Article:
Category Archives: Economics

Racism and Bigotry

I still believe we are misusing the words “racism” and “racist.”

Racism is institutional, systemic, and structural. It’s insidious and buried deep in every aspect of our society and economy. Bigotry is right out in the open.

And this isn’t whitesplaining on my part. This is what I was taught by members of the Black Panther Party and the Brown Berets in 1973. I was, along with 49 of my closest friends, required to go through about 20 hours of cultural and racial sensitivity training before being allowed to travel to Cuba with the sixth contingent of the Venceremos Brigade.

I keep bringing this up because the public now conflates racism with bigotry and, by doing so, gives people an excuse for not looking closer at how they’ve unknowingly embraced or benefited from racism, by merely pointing out their lack of anger or visible anger/hatred toward people of color. “I don’t see color,” or “I have black friends/relatives.” All that means, at the most, is you’re not a bigot. It doesn’t change the centuries of economic and social injustice deeply baked into every aspect of our society.

We need to understand the differences if we’re going to erase racism and its insidious effects.

One other thing I learned from that education, and that has been reinforced in the intervening years, is that white people need to shut the fuck up and listen to people of color when it comes to understanding their lived reality. Because of racism, you don’t know squat about their experiences. Try it. You might be surprised.


Power to the People

Corporations, conglomerates, and industrial organizations aren’t the enemy, ipso facto. In fact, they make socialism not only possible, but necessary, IMO.

What is the enemy is unbridled greed, rampant cronyism, nepotism and, especially, the codification of deep income inequality. It is not good for a society when individuals can amass fortunes they can’t possibly spend. That they then turn some of that fortune into philanthropy and charitable organizations doesn’t change the fact that it should be criminal for one individual to take that much surplus value from the workforce that made their fortune possible. It’s estimated Jeff Bezos makes (not earns) around $2,500/second. Dafuque does he do, other than own Amazon stock?

I’m not saying inventors, creators, entrepreneurs, etc. aren’t entitled to profit from their efforts, but they shouldn’t be able to continue siphoning profit off an organization that has reached a point where it could easily survive without them. By the same token, intellectual property law has expanded patent and copyright protections way beyond their original intent, creating other avenues of indecent profit-making.

And getting back to what I said about making socialism possible and necessary, without large profitable organizations, we’d all be living off mom & pop’s and craft-making. Many of the products we enjoy, and that provide the grease that skids civilization as we know it, would not be possible without large factories, laboratories, and other institutions. By their very nature, though, they transcend the control and direction of any one individual, and I believe our pay/profit structure needs to take that much more into consideration, providing a larger share to the workers who have helped make the org successful.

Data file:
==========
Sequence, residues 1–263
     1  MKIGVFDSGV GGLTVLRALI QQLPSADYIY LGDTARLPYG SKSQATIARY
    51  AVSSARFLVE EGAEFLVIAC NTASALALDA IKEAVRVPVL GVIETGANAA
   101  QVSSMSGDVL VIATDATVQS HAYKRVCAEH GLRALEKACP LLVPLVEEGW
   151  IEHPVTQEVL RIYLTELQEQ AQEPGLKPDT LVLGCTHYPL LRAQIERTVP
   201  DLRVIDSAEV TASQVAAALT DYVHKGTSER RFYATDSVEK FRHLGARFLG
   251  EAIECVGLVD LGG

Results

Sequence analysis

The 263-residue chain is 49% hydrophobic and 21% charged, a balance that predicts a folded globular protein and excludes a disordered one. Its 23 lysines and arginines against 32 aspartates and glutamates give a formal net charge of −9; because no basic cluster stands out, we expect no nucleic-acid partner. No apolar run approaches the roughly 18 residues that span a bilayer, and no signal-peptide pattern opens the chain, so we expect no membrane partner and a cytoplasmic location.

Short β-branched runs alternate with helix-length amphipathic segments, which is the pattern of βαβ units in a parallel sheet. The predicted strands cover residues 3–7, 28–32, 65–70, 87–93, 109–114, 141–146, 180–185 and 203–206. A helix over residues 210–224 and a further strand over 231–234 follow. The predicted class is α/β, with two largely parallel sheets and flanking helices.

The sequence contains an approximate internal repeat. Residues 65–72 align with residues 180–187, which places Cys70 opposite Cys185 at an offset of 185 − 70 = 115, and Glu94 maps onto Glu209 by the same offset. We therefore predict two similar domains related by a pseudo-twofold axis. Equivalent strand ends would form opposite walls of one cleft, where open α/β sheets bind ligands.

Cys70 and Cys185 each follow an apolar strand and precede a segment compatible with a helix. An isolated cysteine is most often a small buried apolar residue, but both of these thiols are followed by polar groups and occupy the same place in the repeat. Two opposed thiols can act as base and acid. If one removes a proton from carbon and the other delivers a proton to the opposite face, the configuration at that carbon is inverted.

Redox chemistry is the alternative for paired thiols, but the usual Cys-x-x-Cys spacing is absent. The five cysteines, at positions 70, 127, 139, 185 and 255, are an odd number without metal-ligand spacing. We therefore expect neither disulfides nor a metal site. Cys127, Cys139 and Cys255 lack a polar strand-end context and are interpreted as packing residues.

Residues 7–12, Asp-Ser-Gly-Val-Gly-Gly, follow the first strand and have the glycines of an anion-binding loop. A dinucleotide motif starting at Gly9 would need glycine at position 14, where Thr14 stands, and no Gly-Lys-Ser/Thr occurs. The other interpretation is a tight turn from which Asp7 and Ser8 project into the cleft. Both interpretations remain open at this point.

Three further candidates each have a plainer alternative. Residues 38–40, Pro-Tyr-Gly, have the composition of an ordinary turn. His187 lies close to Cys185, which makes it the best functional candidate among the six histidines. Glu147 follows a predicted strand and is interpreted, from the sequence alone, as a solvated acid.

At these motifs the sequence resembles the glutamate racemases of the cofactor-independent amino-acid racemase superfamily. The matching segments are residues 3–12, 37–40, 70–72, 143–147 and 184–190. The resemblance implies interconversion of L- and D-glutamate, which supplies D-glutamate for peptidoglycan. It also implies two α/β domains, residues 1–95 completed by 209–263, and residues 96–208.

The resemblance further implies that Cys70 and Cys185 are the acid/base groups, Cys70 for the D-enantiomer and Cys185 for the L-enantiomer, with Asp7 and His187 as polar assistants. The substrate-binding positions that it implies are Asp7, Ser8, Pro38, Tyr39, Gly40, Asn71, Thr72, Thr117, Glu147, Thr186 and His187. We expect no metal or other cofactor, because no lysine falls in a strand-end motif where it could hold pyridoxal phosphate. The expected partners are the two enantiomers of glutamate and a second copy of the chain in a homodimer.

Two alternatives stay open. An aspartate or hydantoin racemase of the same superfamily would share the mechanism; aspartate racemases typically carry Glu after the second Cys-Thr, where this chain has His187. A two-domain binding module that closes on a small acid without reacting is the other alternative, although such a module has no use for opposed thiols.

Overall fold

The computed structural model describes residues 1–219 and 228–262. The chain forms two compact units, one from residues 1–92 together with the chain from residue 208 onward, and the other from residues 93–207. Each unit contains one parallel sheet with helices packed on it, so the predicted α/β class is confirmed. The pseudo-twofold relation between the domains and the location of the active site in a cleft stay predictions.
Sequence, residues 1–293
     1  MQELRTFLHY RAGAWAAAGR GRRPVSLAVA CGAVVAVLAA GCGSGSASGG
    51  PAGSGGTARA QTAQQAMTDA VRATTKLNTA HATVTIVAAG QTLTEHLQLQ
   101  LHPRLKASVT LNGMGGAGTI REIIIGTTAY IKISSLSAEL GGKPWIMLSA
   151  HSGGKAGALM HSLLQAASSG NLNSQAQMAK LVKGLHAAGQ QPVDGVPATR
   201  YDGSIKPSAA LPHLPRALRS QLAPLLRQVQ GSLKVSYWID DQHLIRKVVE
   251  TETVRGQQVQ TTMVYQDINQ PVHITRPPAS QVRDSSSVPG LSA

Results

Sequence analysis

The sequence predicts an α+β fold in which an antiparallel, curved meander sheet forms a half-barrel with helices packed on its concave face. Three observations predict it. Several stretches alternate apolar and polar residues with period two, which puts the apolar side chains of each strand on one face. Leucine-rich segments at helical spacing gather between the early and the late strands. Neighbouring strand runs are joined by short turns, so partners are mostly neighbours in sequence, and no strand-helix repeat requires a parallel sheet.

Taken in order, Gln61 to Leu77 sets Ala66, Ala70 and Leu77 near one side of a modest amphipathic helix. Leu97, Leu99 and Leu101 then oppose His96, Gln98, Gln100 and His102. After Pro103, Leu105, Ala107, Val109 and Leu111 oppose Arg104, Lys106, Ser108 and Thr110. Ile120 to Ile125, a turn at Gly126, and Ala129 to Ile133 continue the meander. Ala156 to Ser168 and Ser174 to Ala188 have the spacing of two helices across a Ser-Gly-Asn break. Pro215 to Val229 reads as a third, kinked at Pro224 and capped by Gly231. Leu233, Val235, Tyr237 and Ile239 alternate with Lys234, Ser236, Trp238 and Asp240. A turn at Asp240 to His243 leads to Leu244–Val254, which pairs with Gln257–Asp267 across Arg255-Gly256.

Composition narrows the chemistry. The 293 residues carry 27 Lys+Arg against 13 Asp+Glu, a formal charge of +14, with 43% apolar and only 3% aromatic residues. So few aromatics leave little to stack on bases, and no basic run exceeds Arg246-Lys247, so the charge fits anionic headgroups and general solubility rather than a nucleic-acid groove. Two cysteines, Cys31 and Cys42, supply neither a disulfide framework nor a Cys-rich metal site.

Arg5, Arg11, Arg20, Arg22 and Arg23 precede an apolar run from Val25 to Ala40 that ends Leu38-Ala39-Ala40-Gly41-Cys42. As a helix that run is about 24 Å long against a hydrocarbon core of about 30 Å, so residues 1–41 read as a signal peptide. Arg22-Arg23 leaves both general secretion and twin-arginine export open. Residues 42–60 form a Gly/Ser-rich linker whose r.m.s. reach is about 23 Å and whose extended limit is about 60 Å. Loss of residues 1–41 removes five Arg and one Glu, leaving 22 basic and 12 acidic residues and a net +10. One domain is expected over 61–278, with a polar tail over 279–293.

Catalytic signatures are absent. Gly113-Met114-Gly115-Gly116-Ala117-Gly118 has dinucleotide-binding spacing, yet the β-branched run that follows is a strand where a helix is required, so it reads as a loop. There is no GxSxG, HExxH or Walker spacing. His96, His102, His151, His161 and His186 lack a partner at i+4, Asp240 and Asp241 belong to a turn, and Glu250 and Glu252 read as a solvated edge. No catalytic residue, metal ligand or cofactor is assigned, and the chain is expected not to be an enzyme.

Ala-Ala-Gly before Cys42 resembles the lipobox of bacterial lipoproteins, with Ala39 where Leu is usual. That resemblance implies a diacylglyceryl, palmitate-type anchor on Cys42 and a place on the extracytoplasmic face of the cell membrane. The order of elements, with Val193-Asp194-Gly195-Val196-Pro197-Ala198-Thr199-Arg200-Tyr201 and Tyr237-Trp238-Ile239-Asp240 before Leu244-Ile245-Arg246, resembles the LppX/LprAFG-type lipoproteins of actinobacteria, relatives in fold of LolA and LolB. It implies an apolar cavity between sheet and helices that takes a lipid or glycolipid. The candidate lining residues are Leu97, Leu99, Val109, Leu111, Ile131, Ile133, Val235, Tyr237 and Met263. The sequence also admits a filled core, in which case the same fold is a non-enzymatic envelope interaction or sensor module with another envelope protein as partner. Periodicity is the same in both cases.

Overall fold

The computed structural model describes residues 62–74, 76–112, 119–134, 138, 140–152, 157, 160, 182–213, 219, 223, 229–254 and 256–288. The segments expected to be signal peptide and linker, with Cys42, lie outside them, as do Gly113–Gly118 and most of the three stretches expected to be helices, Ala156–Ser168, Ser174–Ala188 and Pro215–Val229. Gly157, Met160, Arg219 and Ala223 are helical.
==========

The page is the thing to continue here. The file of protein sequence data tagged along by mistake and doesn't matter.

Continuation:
Moving Forward

No matter what happens as we are coming out of this crisis, we should never settle for returning to the status quo ante. We need to think of humans and our societies as living organisms; as interconnected and interdependent systems. When some of us are suffering, we must recognize it as an insult to all of us.

“We’re all in this together” doesn’t stop being true when this pandemic is “over.” It remains true except for those idiotic and stubborn people who still believe in rugged individualism as the ideal condition for humans to follow. In my opinion, that model is a recipe for disaster for all but people who live in the woods and, even then—with the exception of people like Ted Kaczynski—if they take advantage of roads, communication channels, and the efforts of entities like the US Forest Service, etc. they’re part of the gestalt that is humanity.

A friend of mine posted this quote on Facebook. It was posted by someone who I don’t know, and his name isn’t important here, but the quote is useful and is what prompted me to write what I did above:

“Indeed, you have to wonder if the virus is so very different from extractive capitalism. It commandeers the manufacturing elements of its hosts, gets them to make stuff for it; kills a fair few, but not enough to stop it spreading. There is no normal for us to go back to. People sleeping in the streets wasn’t normal; children living in poverty wasn’t normal; neither was our taxes helping to bomb the people of Yemen. Using other people’s lives to pile up objects wasn’t normal, the whole thing was absurd. Governments are currently busy pouring money into propping up existing inequalities, and bailing out businesses that have made their shareholders rich. The world’s worst people think that everybody is going to come out of this in a few months and go willingly back into a kind of numbing servitude. Surely it’s time to start imagining something better.”